This is a nice trail which many might label as boring because there are no real turns or hills. What I liked about the trail was it certainly appears that the city of Hilliard and Franklin County are using this rail trail as a spine to a much larger citywide cycling network with many spurs and bike lanes connecting to neighborhoods and parks along its length.
I would like to see this trail extended out to nearby Plain City. In the long, long-term perhaps the Metro Parks could extend the Darby Creek Trail this far north to make a connection somewhere by Three Mile Creek near Plain City.
I rode both the Battelle Darby Creek and the Prairie Oaks Metro Parks sections of this trail. Interstate 70 and U.S. 40 seem to be the obstacles to connecting these trails. The trail surface is gravel that varies in size from crushed to medium-sized rocks with some areas well compacted and others very soft. Definitely not recommended for road bikes with skinny tires. I don't think the trail surface will be upgraded to something better as the trail intersects with bridle trails within these metro parks. Much of the land in these two metro parks has been reverted back to prairie vegetation and restoration. As a result riding or hiking this trail in the late Summer or Fall might not be enjoyable for those who suffer from seasonal allergies. I would love to see the current parts of this trail connected and then also expanded further north to connect with the Heritage Rail Trail in Hilliard or Plain City, Ohio and further south to connect to the Camp Chase Trail and then beyond to Harrisburg or Orient, Ohio.
This former rail line is flat, straight and desolate. Outside of the few miles within Xenia and Jamestown, you are riding between fields of corn or soybeans. Considering that you are surrounded by farms, the trail is surprisingly tree covered for much of its length which I'm sure is a blessing during the summer. At this time of year, there were a lot of acorns and black walnuts on the trail where the trees were the thickest. I suppose that could pose an issue for the tires of some types of bikes.
While there were lots of cyclists out and about when I arrived in Xenia, this trail was lightly travelled. I saw only 3 people while traveling out and back throughout the entire length of the trail. I think that this trail could become much more popular if it was extended into Washington Courthouse, Ohio to connect to the Paint Creek Recreational Trail that extends all the way to Chillicothe, Ohio. (Google Earth shows the undeveloped route of this old rail line.)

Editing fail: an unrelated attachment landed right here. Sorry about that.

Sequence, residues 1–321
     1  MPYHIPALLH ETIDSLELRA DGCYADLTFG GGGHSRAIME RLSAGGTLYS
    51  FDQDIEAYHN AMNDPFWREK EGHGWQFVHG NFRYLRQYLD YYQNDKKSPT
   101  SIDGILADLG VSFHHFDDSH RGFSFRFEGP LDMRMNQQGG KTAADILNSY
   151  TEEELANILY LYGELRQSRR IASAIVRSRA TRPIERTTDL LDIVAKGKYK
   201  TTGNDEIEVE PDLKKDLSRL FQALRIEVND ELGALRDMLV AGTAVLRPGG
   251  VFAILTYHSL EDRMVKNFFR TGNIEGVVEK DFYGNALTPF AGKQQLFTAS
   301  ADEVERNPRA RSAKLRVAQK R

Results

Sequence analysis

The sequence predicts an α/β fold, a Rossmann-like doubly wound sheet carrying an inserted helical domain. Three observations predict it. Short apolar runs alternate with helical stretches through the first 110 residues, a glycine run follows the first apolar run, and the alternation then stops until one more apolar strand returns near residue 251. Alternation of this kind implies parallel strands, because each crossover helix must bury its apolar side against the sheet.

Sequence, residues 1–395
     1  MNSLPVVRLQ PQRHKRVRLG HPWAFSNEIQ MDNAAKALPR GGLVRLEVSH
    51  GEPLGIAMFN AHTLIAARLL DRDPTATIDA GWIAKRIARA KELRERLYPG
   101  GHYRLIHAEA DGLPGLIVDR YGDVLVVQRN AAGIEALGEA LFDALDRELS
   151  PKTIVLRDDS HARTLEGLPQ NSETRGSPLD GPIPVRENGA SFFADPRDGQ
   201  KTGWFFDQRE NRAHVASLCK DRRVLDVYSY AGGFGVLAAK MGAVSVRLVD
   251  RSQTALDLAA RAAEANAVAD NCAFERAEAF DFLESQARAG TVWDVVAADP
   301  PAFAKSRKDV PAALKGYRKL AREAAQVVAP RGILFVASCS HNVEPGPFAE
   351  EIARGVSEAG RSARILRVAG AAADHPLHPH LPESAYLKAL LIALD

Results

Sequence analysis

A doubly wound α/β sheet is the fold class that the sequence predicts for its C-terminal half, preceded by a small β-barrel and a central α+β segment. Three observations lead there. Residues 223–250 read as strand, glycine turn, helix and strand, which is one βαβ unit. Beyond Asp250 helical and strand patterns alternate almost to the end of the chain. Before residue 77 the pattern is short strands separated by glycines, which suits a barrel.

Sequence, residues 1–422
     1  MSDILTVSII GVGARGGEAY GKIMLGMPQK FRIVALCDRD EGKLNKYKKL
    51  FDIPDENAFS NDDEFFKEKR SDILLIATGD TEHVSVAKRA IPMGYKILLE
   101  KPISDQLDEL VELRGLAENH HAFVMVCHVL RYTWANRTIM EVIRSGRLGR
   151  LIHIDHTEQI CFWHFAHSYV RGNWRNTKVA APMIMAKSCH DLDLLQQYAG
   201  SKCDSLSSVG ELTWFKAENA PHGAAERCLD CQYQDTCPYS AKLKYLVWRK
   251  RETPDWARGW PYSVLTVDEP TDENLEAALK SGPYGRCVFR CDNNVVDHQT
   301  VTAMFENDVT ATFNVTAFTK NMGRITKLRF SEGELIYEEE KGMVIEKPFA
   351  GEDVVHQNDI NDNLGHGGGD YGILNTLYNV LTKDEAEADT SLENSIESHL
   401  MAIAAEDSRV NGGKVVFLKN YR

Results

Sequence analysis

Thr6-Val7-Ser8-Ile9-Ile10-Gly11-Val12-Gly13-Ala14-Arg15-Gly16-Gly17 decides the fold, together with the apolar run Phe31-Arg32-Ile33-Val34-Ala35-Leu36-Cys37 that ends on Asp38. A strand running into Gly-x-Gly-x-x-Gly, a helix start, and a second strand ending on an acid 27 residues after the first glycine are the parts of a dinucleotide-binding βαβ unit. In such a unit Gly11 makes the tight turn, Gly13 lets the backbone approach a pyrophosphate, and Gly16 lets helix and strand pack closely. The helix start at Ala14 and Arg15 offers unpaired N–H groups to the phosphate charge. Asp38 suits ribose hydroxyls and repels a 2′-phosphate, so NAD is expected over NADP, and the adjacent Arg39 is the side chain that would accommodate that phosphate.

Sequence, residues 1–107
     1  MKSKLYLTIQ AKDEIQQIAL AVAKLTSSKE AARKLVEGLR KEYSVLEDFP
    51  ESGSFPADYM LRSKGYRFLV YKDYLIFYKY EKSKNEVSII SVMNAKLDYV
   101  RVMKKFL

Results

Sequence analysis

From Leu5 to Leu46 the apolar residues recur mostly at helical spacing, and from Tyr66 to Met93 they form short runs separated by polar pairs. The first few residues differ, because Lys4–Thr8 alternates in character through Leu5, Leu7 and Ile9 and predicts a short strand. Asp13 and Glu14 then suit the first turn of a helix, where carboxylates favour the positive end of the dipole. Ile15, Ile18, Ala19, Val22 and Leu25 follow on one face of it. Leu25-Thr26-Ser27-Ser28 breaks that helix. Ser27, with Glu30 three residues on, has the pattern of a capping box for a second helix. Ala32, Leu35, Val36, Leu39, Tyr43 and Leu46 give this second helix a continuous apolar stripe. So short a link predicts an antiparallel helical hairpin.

As I was told by a local resident, this is the preferred route Xenia residents use to connect between the Creekside and Little Miami Scenic Trails as it avoids the bike lane on busy Detroit Street in Xenia. Listed here on TrailLink as .3 miles my tracking between the two trails came in at 1.25 miles. I think that TrailLink measured from Fairground Road on the fairgrounds to the Creekside Trail rather than the entire length of the connection between the two trails. There is a small residential on-street section from Alameda Drive to the McDonald's on Detroit Street. I imagine that this trail probably is closed during the Greene County Fair. Again this is one of those trails that might be important locally, but not a trail people would travel to Xenia to ride, so why is it listed here?
This is a very short trail that links Xenia, Ohio's Creekside Trail to the town's West Side Park and the neighborhood beyond. I don't think this is a trail that anybody other than Xenia residents would be interested in. To top it off, the trail was closed due to some sort of excavation work.
My wife and I took this trail on recently. It is definitely rustic compared to the asphalted bikeways we are used to. Not being paved it has its share of tree roots and adventure navigating the path. Thus, I would call it a “real” trail in the same vein that I would call the old cinder high school tracks “real” tracks! Give it a shot. Very enjoyable!